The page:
OAKLEY — As avid quilters travel, many plan vacations on the lookout for just the shade of fabric and new idea to add to their stash, and to eagerly share their finds with friends.
That’s why the Smoky River Quilt Shoppe, 207 Center, in Oakley carries high-quality richly colored material and shows fashionable quilts in a attractive setting — completed with small-town friendliness.
“You have a lot of fabric is what people say when they walk in,” said Donella Younkin, owner of the shop she has owned for a little more than two years. “I have a lot to choose from.
“We bring people from throughout the area and the interstate,” she said. “I get people from Canada and had someone from New Zealand. I love the people that come in — that’s my favorite part.”
Once a requirement for cold winter nights, quilts have taken on a new life in recent years, providing a creative outlet where the sewer can make a quilt like no other.
Younkin stays on top of the latest trends and has a special skill to choose fabrics that people like. Work at the shop is a family affair, and her daughter-in-law, Lauren Younkin, who is a graphic designer, places the fabric into pleasing, contrasting and balanced colors, and patterns, which some customers say is the most difficult part.
“She has an eye for it. People like that,” Donella said. “People will come in and say ‘we have such a hard time putting colors together’ and here, it’s done.
“If I put something in the wrong place, she’s in there fixing it,” Donella said laughing. “She regroups my stuff all of the time.”
One of the latest trends is reproduction of feed sack material, which was used in the early 20th century by women to make dresses. Despite its diminutive source, the basically free fabric was available in every rainbow color, and was used as a marketing tool for sellers of feed. It generally took more than one sack to make a dress and farm wives might encourage their husbands to buy more than one bag to ensure there was enough fabric for new clothing.
“The younger generation is liking it,” Donella said. “It’s coming back.”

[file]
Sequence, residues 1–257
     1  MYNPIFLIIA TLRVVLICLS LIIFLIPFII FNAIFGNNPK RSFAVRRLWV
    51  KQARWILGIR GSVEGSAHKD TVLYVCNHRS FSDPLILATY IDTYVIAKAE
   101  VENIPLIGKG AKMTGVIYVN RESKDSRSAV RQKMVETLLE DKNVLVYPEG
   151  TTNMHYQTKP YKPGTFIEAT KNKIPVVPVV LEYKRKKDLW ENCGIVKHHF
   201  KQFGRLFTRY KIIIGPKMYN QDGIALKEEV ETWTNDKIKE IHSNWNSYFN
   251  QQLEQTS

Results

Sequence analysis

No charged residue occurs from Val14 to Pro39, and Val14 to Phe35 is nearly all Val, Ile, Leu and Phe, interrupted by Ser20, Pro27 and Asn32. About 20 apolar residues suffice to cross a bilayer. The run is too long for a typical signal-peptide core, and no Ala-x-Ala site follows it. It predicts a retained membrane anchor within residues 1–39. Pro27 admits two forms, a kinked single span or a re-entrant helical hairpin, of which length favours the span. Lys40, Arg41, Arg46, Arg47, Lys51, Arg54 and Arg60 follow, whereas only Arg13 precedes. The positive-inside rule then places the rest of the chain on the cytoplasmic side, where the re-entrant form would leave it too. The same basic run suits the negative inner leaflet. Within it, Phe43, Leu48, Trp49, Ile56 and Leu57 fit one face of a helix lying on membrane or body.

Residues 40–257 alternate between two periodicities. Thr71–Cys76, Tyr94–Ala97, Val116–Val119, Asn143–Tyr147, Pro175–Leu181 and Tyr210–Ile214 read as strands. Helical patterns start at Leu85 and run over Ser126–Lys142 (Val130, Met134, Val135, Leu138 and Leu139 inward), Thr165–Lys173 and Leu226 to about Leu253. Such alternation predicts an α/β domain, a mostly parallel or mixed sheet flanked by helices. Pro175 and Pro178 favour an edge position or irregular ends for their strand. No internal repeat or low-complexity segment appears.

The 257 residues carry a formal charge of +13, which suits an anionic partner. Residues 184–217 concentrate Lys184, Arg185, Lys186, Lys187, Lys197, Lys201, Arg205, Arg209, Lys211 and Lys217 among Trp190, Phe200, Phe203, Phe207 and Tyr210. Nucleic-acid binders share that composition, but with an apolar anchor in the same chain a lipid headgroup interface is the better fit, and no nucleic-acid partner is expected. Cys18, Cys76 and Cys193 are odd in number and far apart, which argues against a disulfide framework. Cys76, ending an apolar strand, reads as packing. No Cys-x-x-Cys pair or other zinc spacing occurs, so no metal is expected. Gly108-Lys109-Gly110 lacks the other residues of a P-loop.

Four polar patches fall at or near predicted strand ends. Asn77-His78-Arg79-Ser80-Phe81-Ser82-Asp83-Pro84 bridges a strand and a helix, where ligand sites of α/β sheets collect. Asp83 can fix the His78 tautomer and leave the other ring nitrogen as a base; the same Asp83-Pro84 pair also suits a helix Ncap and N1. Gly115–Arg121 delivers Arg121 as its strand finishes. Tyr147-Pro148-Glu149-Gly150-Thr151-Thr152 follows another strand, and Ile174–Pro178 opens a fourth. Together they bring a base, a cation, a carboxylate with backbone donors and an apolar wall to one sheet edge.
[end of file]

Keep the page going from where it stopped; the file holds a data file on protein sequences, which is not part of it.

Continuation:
She currently has a quilt on display made of reproduction feed sack material.
Donella’s two most popular fabric lines are a product called stonehenge, which has a marbled look to it, and batik. Not too many stores carry the full line of stonehenge.
Batik fabric is a tightly-woven fabric that doesn’t ravel, with a high thread count, finish and a unique dye process so the colors don’t fade, Lauren said.
“It’s quality” fabric, Lauren said.
“People come pretty far to get stonehenge,” Donella added.
Donella picked up the quilting hobby herself when began working for the previous owner of the shop, which at that time included antiques. The antique store has moved next door, but Donella still quilts and offers classes.
She stocks quilt patterns, kits, templates, pre-cut fabric, fat squares, 108-inch wide fabric backing so the quilt doesn’t have to be pieced, and a full line of notions. She also has a long arm sewing machine for attaching the top, batting and backing.
“People come from Kansas City for my wide backing,” Donella said. “They don’t like to piece it.”
She maintains an interactive presence with her customers offering shop hops, block of the month, bed turnings and row by row.
Beginning in 2011, the row by row fad has spread across the nation where customers travel from store to store, picking up blocks to make a quilt.
The winner receives fabric, of course.
The bed turnings have turned into a hit with the hobbyists. The quilts are laid on a table on top of each other and then displayed one by one.
“Everybody around here who quilts comes,” with about 40 people so each can see what their friends and neighbors have done, Donella said.
She has seven sewing machines available for customers who need extra assistance with projects, with specials, or for those who simply like to socialize on Saturdays. Quilting traditionally has been a time for connections to be developed with friends and to create a useful textile, particularly in days past when quilts were hand stitched.
While fabric is available via the Internet, mortar and brick stores still attract browsers and buyers.
“Quilters like to see and feel fabric before they buy it,” said customer Audrey Evins, Oakley. She has been quilting since the late 1970s and exhibits quilts and buys fabric at the store.
“I’m at a stage of life where it’s fun to share what I’ve learned over the years,” she said.
Evins said she believes the secret to the success of the store is not only great fabric, but Donella’s friendly personality.
“She genuinely loves people and I think it shows,” Evins said. “Everybody that walks through that door, she treats the same. She’s great with people.
“Quilting is a worldwide thing and we’re all connected. People that aren’t in quilting don’t realize how connected the quilting world is.”